Council puts flying-fox colonies in its crosshairs
THE management of flying-foxes across the city will be reviewed with a series of small colonies causing problems for residents.
Previously-cleared weeds at Deebing Creek have returned, allowing a colony of bats to re-establish.
A complaint from a resident prompted Ipswich councillors to discuss how to best manage bat colonies across the city.
At Deebing Creek in 2016 the Ipswich City Council spent $60,000 to remove vegetation around the creek and on neighbouring residents' private land.
Councillors were told most of those residents then failed to maintain the clearing as agreed and the flying foxes had returned.
With bats due to breed in the next few months, the Ipswich City Council moved to get on top of the expected noise and faeces issue.
In a whole-of-city approach to flying foxes, its management strategy will be reviewed to include minor plans for monitoring known colonies.
Rather than respond to the Deebing Creek problem, councillors will also monitor colonies at Queen's Park and in Bundamba.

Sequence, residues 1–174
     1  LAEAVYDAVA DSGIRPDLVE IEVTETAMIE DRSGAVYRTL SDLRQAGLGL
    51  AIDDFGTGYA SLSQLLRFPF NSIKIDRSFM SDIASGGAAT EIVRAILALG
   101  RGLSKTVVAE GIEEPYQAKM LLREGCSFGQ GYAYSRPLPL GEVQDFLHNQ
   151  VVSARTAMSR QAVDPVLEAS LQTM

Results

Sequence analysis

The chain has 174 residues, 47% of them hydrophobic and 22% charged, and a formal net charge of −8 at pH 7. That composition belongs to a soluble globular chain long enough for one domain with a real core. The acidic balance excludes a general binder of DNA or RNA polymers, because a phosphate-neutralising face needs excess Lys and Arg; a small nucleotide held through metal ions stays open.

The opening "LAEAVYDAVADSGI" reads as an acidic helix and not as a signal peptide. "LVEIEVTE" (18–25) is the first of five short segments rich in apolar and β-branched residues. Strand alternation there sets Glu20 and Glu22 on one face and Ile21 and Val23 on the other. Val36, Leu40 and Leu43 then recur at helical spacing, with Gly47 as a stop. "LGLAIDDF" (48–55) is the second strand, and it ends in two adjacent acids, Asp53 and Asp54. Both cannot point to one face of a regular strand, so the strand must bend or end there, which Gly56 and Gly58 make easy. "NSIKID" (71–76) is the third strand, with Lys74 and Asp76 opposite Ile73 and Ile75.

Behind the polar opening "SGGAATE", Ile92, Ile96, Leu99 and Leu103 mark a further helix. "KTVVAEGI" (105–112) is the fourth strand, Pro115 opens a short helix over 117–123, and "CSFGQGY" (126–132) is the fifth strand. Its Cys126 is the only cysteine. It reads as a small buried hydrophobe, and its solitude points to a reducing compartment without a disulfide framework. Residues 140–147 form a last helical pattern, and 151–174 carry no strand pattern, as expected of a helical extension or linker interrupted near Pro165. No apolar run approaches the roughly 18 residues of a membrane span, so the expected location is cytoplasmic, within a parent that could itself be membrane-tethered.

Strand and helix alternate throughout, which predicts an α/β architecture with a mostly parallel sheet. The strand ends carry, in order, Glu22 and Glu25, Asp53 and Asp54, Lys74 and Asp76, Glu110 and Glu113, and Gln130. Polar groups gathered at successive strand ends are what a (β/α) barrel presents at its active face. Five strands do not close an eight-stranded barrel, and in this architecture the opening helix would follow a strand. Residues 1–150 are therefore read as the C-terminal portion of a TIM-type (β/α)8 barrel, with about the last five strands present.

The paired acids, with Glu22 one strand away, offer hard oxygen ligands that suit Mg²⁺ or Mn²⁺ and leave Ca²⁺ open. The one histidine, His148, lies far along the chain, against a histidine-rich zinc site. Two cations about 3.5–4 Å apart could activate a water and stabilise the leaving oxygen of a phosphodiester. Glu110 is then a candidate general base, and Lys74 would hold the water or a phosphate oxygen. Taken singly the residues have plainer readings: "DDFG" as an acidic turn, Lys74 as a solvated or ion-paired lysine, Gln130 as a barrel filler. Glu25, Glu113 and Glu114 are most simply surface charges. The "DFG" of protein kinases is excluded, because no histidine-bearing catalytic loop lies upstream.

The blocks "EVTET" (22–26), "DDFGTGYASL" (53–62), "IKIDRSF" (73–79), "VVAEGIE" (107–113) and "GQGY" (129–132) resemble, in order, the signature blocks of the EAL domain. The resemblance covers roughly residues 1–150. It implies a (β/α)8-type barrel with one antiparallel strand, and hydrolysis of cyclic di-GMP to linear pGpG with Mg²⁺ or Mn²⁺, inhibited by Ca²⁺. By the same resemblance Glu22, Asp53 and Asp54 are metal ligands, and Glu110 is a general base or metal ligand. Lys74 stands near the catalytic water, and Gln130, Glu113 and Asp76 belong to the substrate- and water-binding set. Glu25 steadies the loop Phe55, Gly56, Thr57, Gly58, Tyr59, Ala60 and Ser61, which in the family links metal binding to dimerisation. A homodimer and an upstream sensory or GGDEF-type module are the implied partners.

Councillors were handed a range of options to manage the colonies, including actively moving them to another location, installing sprinklers or extending the buffer between residents and colonies.
The council's report acknowledged "no one option is likely to be 100 per cent effective at reducing the direct and indirect impacts of roosting flying-foxes".
Environment committee chair Kerry Silver warned her colleagues about repercussions if colonies were relocated.
"We need to manage them but realise no matter what, they go somewhere else," she said.
"They're an essential part of our environment.
"Quite frankly, they were there before many of us."
To manage the colonies, councillors agreed to subsidise residents for the removal of vegetation.